Has the mystery of Seahenge been solved?

Seahenge, shortly after it was uncovered by the tides in 1998 <i>(Image: Wendy George)</i>
Seahenge, shortly after it was uncovered by the tides in 1998 (Image: Wendy George)

Did the ancients build Seahenge in a desperate bid to reverse climate change?

Until now, archaeologists have believed the upturned tree-stump surrounded by 55 closely fitted oak posts were constructed for sky burials, where the dead would be placed inside to be pecked and carried away by carrion-eating birds.

Now new research into the 4,000-year-old timber circle which was found at Holme, near Hunstanton, in 1998, suggests it may have been created in response to Norfolk's changing climate.

Eastern Daily Press: The timbers are excavated from the beach in 1999 - the dig was met with protests from druids and villagers, who wanted them left where they were
Eastern Daily Press: The timbers are excavated from the beach in 1999 - the dig was met with protests from druids and villagers, who wanted them left where they were

The timbers are excavated from the beach in 1999 - the dig was met with protests from druids and villagers, who wanted them left where they were (Image: Newsquest)

David Nance, a researcher at the University of Aberdeen, says Seahenge and an adjacent timber circle were constructed during a bitterly cold period for rituals intended to extend the summer and bring back warmer weather.

"Dating of the Seahenge timbers showed they were felled in the spring, and it was considered most probable that these timbers were aligned with sunrise on the summer solstice," he said.

"We know that the period in which they were constructed 4,000 years ago was a prolonged period of decreased atmospheric temperatures and severe winters and late springs placing these early coastal societies under stress.

Eastern Daily Press: Seahenge pictured shortly after it was discovered
Eastern Daily Press: Seahenge pictured shortly after it was discovered

Seahenge pictured shortly after it was discovered (Image: John Hocknell)

"It seems most likely that these monuments had the common intention to end this existential threat but they had different functions."

READ MORE: Will we ever know why Seahenge was REALLY built?

READ MORE: Scans shed new light on mysteries of Seahenge 

READ MORE: Tides reveal remains of ancient forest off Holme Beach

Dr Nance said the structure was built to align with sunrise on the summer solstice and believes its function may have been to mimic an enclosure described in ancient folklore for an unfledged cuckoo, to keep the bird singing and thereby extend the summer.

"Summer solstice was the date when according to folklore the cuckoo, symbolising fertility, traditionally stopped singing, returned to the Otherworld and the summer went with it," he said.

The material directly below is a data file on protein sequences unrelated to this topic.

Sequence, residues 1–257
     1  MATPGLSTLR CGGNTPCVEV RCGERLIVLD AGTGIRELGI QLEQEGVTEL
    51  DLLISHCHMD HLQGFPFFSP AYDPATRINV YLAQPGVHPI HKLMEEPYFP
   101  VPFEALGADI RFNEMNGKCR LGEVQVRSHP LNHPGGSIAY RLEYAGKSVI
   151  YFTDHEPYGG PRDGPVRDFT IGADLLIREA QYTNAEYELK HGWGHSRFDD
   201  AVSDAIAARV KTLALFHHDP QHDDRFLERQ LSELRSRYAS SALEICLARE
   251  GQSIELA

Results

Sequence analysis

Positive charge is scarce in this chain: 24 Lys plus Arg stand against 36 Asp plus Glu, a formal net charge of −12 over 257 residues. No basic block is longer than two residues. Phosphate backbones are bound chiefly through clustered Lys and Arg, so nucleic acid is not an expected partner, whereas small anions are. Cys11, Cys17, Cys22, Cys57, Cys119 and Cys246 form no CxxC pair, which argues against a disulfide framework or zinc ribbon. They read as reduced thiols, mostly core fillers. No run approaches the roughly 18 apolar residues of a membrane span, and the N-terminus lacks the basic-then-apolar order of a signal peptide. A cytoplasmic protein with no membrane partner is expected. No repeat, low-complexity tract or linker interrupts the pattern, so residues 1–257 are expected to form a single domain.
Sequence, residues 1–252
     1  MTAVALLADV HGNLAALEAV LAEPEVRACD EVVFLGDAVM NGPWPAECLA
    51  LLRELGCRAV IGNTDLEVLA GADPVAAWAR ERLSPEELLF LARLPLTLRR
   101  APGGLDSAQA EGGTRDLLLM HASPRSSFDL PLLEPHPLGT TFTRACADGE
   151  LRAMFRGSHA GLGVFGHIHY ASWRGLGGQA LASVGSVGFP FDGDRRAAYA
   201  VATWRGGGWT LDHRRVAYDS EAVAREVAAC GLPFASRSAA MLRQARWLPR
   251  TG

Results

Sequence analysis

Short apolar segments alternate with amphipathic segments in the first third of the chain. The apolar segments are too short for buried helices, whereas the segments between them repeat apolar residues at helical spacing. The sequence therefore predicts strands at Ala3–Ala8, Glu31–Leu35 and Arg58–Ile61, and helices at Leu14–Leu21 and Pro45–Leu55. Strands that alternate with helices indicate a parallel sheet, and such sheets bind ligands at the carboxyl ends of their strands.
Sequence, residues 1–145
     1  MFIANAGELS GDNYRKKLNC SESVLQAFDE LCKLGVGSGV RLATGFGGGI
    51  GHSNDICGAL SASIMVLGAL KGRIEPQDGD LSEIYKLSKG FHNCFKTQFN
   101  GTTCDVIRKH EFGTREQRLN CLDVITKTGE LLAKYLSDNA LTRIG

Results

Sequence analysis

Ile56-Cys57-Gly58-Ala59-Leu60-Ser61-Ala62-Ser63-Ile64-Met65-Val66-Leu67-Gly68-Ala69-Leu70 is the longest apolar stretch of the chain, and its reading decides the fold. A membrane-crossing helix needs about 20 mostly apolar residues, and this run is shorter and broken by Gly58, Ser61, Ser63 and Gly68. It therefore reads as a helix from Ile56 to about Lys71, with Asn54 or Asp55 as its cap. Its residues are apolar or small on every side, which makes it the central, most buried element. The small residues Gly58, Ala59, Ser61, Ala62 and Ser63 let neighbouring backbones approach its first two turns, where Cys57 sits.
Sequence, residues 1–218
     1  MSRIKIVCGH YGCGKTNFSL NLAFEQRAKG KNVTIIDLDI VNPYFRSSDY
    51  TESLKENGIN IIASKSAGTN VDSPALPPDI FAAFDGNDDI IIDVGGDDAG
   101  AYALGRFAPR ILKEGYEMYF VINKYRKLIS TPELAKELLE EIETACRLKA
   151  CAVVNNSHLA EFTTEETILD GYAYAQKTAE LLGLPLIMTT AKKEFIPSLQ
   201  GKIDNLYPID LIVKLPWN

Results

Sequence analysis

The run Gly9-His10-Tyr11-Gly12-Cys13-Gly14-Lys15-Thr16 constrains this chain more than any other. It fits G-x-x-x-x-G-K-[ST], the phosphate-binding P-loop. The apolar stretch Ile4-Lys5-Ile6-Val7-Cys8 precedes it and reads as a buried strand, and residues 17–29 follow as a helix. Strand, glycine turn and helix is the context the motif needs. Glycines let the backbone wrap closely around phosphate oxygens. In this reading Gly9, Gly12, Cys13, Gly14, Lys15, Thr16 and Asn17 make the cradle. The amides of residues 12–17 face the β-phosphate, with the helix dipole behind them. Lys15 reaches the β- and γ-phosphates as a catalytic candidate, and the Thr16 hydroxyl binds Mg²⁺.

Eastern Daily Press: Was Seahenge connected to ancient mythology surrounding the cuckoo?
Eastern Daily Press: Was Seahenge connected to ancient mythology surrounding the cuckoo?

Was Seahenge connected to ancient mythology surrounding the cuckoo? (Image: Archant)

"The monument’s form appears to imitate two supposed winter dwellings of the cuckoo remembered in folklore, a hollow tree or the bowers of the Otherworld represented by the upturned oak-stump at its centre.

"This ritual is remembered in the Myth of the Pent [Penned] Cuckoo where an unfledged cuckoo was placed into a thorn bush and the bird was walled-in to extend the summer but it always flew away."

He believes a second circle found nearby, dubbed Holme II, was built to carry out human sacrifice if misfortune fell on the community.

RIDDLE OF THE TIMBERS

Eastern Daily Press: A second timber circle which remains on the beach at Holme
Eastern Daily Press: A second timber circle which remains on the beach at Holme

A second timber circle which remains on the beach at Holme (Image: Chris Bishop)

Seahenge is believed to have been built in the spring of 2049BC and has been hailed as one of the most important discoveries of the 20th century.

The large number of axes used to work its posts and central stump showed Bronze Age people were more advanced than had previously been believed.

But while the modern-day science of dendrochronology - tree ring dating - can establish almost the exact date the timbers were felled, we still do not know why.

Eastern Daily Press: A second timber circle which remains on the beach at Holme
Eastern Daily Press: A second timber circle which remains on the beach at Holme

A second timber circle which remains on the beach at Holme (Image: Ian Burt)

We know it stood on what was originally the edge of salt marsh some distance from the shore.

As the wetland became freshwater, trees grew and formed a peat bog when they died.

That in turn was covered in a layer of sand as sea levels rose over the centuries, protecting the peat from the waves until they were uncovered by a storm in late 1998.